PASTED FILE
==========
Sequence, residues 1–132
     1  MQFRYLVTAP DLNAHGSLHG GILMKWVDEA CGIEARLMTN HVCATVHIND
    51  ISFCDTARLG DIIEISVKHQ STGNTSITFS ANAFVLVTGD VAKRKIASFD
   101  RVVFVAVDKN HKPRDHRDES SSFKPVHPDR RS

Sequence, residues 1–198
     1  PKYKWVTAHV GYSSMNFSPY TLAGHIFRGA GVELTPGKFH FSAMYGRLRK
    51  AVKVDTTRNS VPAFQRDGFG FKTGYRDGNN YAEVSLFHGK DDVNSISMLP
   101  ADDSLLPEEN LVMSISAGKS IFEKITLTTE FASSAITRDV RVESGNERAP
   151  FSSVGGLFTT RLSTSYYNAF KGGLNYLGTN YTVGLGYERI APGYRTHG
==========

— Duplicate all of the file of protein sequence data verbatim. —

Sequence, residues 1–132
     1  MQFRYLVTAP DLNAHGSLHG GILMKWVDEA CGIEARLMTN HVCATVHIND
    51  ISFCDTARLG DIIEISVKHQ STGNTSITFS ANAFVLVTGD VAKRKIASFD
   101  RVVFVAVDKN HKPRDHRDES SSFKPVHPDR RS

Sequence, residues 1–198
     1  PKYKWVTAHV GYSSMNFSPY TLAGHIFRGA GVELTPGKFH FSAMYGRLRK
    51  AVKVDTTRNS VPAFQRDGFG FKTGYRDGNN YAEVSLFHGK DDVNSISMLP
   101  ADDSLLPEEN LVMSISAGKS IFEKITLTTE FASSAITRDV RVESGNERAP
   151  FSSVGGLFTT RLSTSYYNAF KGGLNYLGTN YTVGLGYERI APGYRTHG